43. Sims, Christopher A., 2003. "Implications of rational inattention," Journal of Monetary Economics, Elsevier, vol. 50(3), pages 665-690, April.
    44. Frederic S. Mishkin & Klaus Schmidt-Hebbel, 2001. "One Decade of Inflation Targeting in the World: What Do We Know and What Do We Need to Know?," NBER Working Papers 8397, National Bureau of Economic Research, Inc.
    45. Maskin, Eric & Tirole, Jean, 1988. "A Theory of Dynamic Oligopoly, I: Overview and Quantity Competition with Large Fixed Costs," Econometrica, Econometric Society, vol. 56(3), pages 549-569, May.
    46. Stephen Morris & Hyun Song Shin, 2006. "Inertia of Forward-Looking Expectations," American Economic Review, American Economic Association, vol. 96(2), pages 152-157, May.
    47. Libich, Jan, 2008. "An explicit inflation target as a commitment device," Journal of Macroeconomics, Elsevier, vol. 30(1), pages 43-68, March.
    48. Pierre L. Siklos, 2004. "Central Bank Behavior, the Institutional Framework, and Policy Regimes: Inflation Versus Noninflation Targeting Countries," Contemporary Economic Policy, Western Economic Association International, vol. 22(3), pages 331-343, July.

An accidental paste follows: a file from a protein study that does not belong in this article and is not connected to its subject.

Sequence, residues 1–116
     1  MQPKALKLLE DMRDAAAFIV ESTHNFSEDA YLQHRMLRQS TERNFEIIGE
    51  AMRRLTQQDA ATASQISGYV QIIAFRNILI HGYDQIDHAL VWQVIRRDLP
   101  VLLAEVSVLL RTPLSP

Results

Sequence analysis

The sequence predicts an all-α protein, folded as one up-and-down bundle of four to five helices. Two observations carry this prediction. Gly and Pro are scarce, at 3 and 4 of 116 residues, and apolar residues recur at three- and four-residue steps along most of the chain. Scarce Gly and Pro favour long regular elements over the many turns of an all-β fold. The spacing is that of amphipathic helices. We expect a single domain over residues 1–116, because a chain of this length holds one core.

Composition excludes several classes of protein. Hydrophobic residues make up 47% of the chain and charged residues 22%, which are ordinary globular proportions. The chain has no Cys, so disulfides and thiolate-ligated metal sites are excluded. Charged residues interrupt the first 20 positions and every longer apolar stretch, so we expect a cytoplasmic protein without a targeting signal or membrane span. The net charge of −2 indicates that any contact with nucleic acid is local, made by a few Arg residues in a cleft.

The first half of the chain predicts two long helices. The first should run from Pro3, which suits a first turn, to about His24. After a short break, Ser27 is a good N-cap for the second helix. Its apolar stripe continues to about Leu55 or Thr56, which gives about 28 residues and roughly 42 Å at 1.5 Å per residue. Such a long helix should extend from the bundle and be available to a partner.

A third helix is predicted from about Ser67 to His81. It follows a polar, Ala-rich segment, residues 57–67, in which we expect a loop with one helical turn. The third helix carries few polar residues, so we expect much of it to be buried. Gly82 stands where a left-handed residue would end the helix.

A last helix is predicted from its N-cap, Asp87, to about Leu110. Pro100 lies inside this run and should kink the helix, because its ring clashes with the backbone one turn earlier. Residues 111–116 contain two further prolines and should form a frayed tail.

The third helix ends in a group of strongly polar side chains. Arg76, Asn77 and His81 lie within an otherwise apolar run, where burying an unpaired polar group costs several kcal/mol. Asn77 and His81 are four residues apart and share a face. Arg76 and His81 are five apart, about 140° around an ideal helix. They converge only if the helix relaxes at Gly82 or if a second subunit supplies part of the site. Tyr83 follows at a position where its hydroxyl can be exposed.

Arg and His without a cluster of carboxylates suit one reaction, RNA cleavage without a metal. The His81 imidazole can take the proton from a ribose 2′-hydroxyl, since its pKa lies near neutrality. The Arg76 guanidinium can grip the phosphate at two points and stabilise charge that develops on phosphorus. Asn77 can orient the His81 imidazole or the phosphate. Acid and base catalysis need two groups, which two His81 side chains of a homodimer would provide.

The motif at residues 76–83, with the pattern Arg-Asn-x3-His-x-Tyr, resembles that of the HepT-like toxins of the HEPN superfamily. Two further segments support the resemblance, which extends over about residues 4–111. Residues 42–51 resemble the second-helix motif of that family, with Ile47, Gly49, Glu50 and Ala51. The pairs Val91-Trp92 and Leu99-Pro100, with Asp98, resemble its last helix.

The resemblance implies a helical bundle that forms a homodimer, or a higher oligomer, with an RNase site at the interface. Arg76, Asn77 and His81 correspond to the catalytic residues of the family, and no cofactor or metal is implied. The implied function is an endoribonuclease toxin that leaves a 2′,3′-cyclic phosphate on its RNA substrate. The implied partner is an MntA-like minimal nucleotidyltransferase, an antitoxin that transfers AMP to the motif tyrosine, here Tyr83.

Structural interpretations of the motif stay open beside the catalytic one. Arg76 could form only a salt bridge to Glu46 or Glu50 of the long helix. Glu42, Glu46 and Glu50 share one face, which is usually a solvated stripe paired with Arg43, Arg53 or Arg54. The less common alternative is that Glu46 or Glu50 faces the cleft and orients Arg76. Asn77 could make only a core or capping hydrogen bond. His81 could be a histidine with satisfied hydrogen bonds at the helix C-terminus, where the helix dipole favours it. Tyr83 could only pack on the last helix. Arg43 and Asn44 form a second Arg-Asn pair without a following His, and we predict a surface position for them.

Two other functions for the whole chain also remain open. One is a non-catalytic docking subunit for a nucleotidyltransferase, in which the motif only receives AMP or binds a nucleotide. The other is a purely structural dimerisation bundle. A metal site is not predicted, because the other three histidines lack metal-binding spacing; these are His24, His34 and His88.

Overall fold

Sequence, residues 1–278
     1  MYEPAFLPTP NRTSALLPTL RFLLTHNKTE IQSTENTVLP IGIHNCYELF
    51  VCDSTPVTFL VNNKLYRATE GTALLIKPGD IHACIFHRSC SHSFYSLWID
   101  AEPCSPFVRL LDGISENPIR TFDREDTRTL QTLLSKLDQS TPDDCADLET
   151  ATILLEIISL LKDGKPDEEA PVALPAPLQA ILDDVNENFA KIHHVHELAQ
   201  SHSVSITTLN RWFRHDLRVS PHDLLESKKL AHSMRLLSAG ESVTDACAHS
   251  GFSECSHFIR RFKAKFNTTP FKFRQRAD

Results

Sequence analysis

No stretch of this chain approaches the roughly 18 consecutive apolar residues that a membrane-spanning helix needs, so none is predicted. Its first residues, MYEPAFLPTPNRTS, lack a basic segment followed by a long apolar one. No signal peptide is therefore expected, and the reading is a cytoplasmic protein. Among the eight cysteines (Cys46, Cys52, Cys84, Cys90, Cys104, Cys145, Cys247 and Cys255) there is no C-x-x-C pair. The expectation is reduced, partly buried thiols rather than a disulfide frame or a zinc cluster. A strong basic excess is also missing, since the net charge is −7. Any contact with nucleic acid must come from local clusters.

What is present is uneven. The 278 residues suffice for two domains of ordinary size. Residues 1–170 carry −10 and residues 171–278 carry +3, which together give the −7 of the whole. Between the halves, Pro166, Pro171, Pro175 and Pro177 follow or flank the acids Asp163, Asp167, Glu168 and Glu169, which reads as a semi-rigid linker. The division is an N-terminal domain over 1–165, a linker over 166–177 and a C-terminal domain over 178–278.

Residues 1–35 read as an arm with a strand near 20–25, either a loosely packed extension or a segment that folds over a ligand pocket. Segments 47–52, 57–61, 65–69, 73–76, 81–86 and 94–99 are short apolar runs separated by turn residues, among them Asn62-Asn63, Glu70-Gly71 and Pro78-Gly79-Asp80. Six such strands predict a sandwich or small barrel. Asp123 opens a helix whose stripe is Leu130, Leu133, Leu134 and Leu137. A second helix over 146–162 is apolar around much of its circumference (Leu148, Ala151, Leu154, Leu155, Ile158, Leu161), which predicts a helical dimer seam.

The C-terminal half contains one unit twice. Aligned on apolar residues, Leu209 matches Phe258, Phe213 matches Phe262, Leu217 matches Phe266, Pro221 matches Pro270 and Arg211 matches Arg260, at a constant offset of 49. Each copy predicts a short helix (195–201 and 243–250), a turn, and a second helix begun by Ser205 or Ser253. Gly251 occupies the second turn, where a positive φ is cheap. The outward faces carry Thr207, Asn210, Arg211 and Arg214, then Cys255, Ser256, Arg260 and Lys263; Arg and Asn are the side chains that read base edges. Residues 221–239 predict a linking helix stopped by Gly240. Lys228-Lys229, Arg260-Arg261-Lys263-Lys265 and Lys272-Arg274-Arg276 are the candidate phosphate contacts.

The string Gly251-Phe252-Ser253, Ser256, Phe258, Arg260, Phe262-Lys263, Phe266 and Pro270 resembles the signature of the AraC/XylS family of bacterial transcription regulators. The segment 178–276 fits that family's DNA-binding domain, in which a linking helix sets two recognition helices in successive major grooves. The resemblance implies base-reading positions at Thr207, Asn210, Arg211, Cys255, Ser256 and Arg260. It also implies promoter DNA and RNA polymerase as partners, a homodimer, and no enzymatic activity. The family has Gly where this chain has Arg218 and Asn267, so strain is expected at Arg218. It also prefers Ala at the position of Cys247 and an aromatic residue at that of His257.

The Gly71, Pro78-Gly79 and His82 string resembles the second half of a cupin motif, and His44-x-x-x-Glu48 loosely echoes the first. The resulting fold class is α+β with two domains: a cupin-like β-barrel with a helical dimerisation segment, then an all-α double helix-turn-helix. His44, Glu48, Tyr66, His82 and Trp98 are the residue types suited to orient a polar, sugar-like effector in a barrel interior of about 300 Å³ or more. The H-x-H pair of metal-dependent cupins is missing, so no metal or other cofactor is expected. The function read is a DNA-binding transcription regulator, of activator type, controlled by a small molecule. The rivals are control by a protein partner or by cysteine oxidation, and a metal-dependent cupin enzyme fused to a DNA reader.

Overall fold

49. Blinder, Alan S, 1997. "Is There a Core of Practical Macroeconomics That We Should All Believe?," American Economic Review, American Economic Association, vol. 87(2), pages 240-243, May.
    50. Jan Libich & Petr Stehlik, 2007. "Incorporating Rigidity In The Timing Structure Of Macroeconomic Games," CAMA Working Papers 2007-10, Centre for Applied Macroeconomic Analysis, Crawford School of Public Policy, The Australian National University.
    51. V. Bhaskar, 2002. "On Endogenously Staggered Prices," Review of Economic Studies, Oxford University Press, vol. 69(1), pages 97-116.
    52. Walsh, Carl E, 1995. "Optimal Contracts for Central Bankers," American Economic Review, American Economic Association, vol. 85(1), pages 150-167, March.
    53. Arestis, Philip & Caporale, Guglielmo Maria & Cipollini, Andrea, 2002. "Does Inflation Targeting Affect the Trade-Off between Output Gap and Inflation Variability?," Manchester School, University of Manchester, vol. 70(4), pages 528-545, Special I.
    54. Kydland, Finn E & Prescott, Edward C, 1977. "Rules Rather Than Discretion: The Inconsistency of Optimal Plans," Journal of Political Economy, University of Chicago Press, vol. 85(3), pages 473-491, June.
    55. Fischer, Stanley, 1977. "Long-Term Contracts, Rational Expectations, and the Optimal Money Supply Rule," Journal of Political Economy, University of Chicago Press, vol. 85(1), pages 191-205, February.
    56. Calvo, Guillermo A., 1983. "Staggered prices in a utility-maximizing framework," Journal of Monetary Economics, Elsevier, vol. 12(3), pages 383-398, September.